I woke to hear Father coughing. The sun had not yet risen, and the birds of the morning chorus were only just waking. Lighting a candle, I hurried to his doorway. He was sitting up and hacking furiously. I choked down a sob - it was so horrible to see him like this - and hurried to the linen cupboard. I selected a cloth, dampened it, and took it to him. His forehead was hot, and he was shivering. Placing the cloth on his head, I stroked his hair and called to Eden.
“Eden?” I heard a soft whisper in reply. “Fetch Dr Sansome for me, will you?”
“From down the road?”
“Yes, Eden, run! Go quickly!” I heard the door open and swing closed again.
“It’s alright Papa, we’ll have you right soon.” I murmured into his shaking back. A tear ran down my cheek. “You’ll stay with us, won’t you? Won’t you Father?” He could not hear me. He just coughed more.
It may only have been a few minutes until Eden came back with the doctor, but it felt so painfully long. Father, fortunately, had coughed less and less, but I still did not like the sound he was making. The doctor rushed in to take over. “When did he start?” He said while unpacking his satchel. “I-er, perhaps 10 minutes ago?” He nodded.
“Thank you, Lydia. I think you should go and see your sister.”
I nodded, and watched him for a moment, before leaving the room and finding Eden staring into the fire. The orange glow of the embers flickered on her face, and she stared absently into the flames.
“Eden?” I called softly, and she started, shaking herself from the land in which she was consumed.
“Yes Liddy? Is Papa going to be alright?” I sighed, smiling for her benefit, and pulled her down onto my lap.
“Papa’s very sick, Edie. I hope Dr Sansome can make him better, but we do not know for certain. I think you should go back to sleep - you’ve been up and running around, and we do not want you to be tired, do we?” Eden shook her head, wearily clambered off my lap. I stood and took her hand, and led her back to her bedroom. She fell asleep relatively easily, as the birds outside started to sing and light seeped across the sky.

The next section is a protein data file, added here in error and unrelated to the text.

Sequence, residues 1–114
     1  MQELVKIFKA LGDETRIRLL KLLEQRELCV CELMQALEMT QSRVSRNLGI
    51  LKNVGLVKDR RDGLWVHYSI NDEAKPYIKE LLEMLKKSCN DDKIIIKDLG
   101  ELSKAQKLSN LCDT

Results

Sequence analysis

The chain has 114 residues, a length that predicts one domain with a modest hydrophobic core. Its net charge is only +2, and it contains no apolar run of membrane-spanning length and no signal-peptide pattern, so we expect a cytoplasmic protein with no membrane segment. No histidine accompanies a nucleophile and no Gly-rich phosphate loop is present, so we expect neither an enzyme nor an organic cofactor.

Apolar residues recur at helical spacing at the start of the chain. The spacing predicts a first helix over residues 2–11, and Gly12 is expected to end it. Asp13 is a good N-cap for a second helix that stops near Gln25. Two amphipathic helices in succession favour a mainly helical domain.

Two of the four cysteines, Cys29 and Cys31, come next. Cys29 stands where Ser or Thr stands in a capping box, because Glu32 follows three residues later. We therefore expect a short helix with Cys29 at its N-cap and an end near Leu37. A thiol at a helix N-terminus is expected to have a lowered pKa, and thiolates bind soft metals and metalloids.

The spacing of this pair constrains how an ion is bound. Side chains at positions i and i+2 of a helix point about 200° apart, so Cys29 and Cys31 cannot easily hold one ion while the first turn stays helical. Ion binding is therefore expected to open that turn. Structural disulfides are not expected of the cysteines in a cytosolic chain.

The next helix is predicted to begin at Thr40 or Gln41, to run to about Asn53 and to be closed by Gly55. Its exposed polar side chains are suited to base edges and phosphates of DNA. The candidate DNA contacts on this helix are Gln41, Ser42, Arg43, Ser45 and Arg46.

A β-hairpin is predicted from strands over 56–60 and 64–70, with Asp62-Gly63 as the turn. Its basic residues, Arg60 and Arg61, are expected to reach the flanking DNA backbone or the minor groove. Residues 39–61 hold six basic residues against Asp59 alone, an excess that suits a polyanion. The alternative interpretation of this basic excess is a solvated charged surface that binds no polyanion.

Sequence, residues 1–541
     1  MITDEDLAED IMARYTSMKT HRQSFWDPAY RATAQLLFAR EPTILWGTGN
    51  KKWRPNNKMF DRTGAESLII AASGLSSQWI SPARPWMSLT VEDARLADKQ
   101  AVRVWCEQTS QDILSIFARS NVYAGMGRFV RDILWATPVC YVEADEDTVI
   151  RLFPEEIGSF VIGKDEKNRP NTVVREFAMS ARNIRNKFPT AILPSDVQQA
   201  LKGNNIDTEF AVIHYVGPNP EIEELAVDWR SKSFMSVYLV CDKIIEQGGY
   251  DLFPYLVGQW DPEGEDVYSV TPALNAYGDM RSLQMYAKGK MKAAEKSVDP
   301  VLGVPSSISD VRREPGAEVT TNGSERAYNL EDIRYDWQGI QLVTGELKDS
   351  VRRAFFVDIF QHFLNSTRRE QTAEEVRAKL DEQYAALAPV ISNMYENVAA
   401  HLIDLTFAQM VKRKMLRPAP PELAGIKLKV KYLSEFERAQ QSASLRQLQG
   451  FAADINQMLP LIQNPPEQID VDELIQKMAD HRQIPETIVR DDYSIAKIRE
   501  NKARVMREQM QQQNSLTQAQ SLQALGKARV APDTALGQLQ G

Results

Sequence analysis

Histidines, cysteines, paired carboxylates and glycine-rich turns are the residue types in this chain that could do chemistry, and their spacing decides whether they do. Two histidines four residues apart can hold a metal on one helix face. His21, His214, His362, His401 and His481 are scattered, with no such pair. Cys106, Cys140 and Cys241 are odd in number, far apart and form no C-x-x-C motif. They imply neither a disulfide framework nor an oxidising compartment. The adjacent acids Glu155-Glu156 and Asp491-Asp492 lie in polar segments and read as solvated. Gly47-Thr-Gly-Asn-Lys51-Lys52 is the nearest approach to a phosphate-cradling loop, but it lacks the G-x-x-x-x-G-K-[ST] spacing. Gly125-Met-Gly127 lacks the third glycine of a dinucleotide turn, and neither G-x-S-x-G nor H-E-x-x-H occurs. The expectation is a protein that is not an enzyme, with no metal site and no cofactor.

Dr Sansome had been in with him for a while - at least half an hour. I knocked on the door. A grunt consented my entry, and I pushed the door open. Papa was asleep, Dr Sansome leaning over him with stethoscope. He straightened as I walked in. A weak smile flitted over his face, and he glanced at Father.
“Can we talk outside?” I nodded and backed out. He closed the door behind him.
“Your father is very sick, Lydia. I believe he has pneumonia.” My shoulders slumped and a sigh escaped my lips. “He is so weak now - after two bouts of pneumonia, I would not expect him to make it through this one.” I gnawed my lip, the sharp pain holding back the tears that would surely escape. “I’m afraid he is going to get worse and worse as the days pass - you need to know this. If you would like, I can take him into my practice to keep his coughs from scaring Eden, but you would have to pay extra.” I shook my head, tears still threatening.
“We just cannot.” I sobbed, emotion finally taking over. “I do not have enough money.” He reached an arm out to pat my shoulder, but seemed to think better of it.
“I know the financial situation you’re in, Lydia, but Kenneth needs to be taken care of.” He gestured toward the room. “Even if it is only to make him more comfortable. I can organise for a nurse to come and sit with him every day, and Eden will be more actively supervised.”